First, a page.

Stephens elected to alter some of the phrasing of the ending that gives it a chance to give it another interpretation. At the end of the novel Christopher ends by triumphantly stating “ and I was brave and I wrote a book and that means I can do anything.” (Haddon, 2004) However in the play Christopher is talking to Siobhan and only asks her approval if “Does that mean I can do anything Siobhan? Does that mean I can do anything?” (Haddon, 2012) . This change in endings highlights a particular interest of Stephen’s that I believe was a heavy influence in the change of the source material.

Plenty of Stephen’s works focus in on exploration and the change that transgresses within his characters but often times results negatively for the main character. While talking about Stephens, Gaye Taylor Upchurch, the director for his play Harper Regan, mentions “He described some characteristics of a Euripidean tragedy that he had been drawn to and wanted to explore in his play: a single, ordinary character walks through the world; they are put in some kind of an extraordinary circumstance that forces a response;” (Upchurch, 2018)

By the changing of the ending we have this Euripidean tragedy being able to be introduced as once Christopher’s life changes in the form of finding out that his father had killed Wellington and lied about his mother being dead he is forced into this extraordinary circumstance. His travel and struggle do have the same result in the novel and the book but the different viewpoints of Haddon and Stephens is brought out through their work. The novel gives off this feeling of empowerment at the end after we watch him struggle and finally makes it to London to only have Christopher confirm to himself that he can do anything.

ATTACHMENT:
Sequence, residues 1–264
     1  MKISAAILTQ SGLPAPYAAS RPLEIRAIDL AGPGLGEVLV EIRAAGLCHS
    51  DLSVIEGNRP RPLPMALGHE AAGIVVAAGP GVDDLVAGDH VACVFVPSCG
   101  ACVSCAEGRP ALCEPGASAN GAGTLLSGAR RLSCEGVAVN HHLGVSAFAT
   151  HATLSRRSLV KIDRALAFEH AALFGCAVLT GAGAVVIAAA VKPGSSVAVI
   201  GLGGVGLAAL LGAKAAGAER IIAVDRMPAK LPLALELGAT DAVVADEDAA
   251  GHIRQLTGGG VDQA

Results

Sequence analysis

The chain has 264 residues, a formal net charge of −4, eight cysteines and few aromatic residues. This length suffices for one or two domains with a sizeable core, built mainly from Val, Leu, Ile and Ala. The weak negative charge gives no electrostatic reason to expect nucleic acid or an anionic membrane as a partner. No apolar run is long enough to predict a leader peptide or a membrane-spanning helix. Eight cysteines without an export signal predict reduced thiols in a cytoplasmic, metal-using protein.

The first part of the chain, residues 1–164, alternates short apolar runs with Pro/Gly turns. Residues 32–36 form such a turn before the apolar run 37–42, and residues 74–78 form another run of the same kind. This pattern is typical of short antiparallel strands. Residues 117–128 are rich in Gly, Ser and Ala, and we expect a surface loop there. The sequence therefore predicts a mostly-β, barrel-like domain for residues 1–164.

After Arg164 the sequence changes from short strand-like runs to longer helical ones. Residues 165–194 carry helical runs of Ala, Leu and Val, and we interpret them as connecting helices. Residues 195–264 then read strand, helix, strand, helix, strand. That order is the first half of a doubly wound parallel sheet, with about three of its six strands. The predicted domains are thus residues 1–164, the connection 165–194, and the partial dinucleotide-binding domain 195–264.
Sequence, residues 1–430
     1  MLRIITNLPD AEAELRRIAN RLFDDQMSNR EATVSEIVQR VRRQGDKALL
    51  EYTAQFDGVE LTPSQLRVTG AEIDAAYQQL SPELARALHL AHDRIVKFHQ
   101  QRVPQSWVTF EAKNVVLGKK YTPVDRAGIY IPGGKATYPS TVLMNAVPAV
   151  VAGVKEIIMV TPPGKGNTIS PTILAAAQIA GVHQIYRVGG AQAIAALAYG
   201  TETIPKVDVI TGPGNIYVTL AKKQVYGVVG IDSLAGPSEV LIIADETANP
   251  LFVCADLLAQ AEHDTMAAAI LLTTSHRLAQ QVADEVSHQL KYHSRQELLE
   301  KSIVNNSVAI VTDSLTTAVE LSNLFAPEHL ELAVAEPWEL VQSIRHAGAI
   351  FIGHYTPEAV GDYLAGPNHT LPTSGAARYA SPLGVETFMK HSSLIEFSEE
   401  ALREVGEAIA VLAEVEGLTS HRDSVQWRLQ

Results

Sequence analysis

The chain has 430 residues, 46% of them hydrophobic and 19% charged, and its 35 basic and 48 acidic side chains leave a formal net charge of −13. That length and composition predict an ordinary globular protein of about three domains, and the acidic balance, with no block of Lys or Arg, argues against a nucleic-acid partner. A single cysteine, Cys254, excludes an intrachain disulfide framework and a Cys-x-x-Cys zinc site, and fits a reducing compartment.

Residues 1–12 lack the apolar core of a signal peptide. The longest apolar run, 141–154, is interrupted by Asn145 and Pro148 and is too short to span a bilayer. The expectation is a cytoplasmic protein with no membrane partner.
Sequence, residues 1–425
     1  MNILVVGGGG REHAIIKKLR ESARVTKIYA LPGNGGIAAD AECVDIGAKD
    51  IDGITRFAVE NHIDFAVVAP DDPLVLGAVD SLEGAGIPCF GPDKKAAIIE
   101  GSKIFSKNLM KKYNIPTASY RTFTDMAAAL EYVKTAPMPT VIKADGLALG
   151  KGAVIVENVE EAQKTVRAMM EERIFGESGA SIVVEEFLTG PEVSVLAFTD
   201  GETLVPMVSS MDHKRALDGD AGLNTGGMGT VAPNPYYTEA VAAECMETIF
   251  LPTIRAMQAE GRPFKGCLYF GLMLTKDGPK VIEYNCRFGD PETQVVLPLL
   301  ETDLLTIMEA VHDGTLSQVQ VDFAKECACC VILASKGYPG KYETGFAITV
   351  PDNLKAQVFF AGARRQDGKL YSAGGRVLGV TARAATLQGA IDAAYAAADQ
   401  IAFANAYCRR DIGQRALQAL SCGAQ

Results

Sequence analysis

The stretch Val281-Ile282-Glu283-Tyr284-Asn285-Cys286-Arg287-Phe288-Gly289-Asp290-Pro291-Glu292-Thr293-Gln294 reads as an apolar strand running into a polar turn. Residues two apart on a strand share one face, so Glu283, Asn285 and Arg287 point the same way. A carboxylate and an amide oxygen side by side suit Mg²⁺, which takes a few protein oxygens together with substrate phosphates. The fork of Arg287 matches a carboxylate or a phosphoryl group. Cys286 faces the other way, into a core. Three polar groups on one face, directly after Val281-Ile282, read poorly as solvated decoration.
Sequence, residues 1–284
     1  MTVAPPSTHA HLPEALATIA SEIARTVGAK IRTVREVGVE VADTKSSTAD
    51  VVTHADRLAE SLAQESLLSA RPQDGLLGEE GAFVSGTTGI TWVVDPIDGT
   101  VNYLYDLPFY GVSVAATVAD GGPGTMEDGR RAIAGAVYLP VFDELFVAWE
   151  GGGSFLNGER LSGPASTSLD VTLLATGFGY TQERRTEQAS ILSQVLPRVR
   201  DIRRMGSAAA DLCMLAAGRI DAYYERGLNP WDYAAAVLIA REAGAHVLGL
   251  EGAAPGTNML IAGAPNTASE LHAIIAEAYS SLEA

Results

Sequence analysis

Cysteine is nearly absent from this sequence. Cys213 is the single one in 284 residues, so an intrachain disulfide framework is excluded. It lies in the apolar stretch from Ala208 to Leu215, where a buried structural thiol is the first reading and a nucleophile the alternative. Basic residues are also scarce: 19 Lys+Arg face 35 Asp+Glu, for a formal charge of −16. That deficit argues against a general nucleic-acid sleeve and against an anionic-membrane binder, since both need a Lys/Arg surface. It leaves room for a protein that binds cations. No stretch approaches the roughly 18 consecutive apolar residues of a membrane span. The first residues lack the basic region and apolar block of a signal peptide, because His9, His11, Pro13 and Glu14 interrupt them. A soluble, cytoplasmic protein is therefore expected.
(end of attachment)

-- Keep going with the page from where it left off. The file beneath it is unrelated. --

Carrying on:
Though Stephens wanting to implement the tragedy element he has Christopher asking Siobhan acting as his thoughts, Only to have Siobhan remain silent potentially giving Christopher the idea that, because he struggled so hard just to change cities he is in fact more limited than he previously thought. However the idea of empowerment is still handled with respects to the original text because in typical Simon Stephens fashion it is not outright said that Christopher is weak so it gives the chance for the original Haddon interpretation to still remain true. In the ending equivalence was reached by allowing the original adaptation but also allowing the audience to explore further from the ending give them the opportunity to branch off into their own interpretations.

A contributing factor to the success of the play as an adaptation was the amount respect that Stephens has for the author of the book, Mark Haddon, and uses that to synergize his work with Haddon’s. In many aspects Stephens and Haddon agree with the idea of allowing the consumer of the media to explore what is given, while talking about his novel Haddon mentions that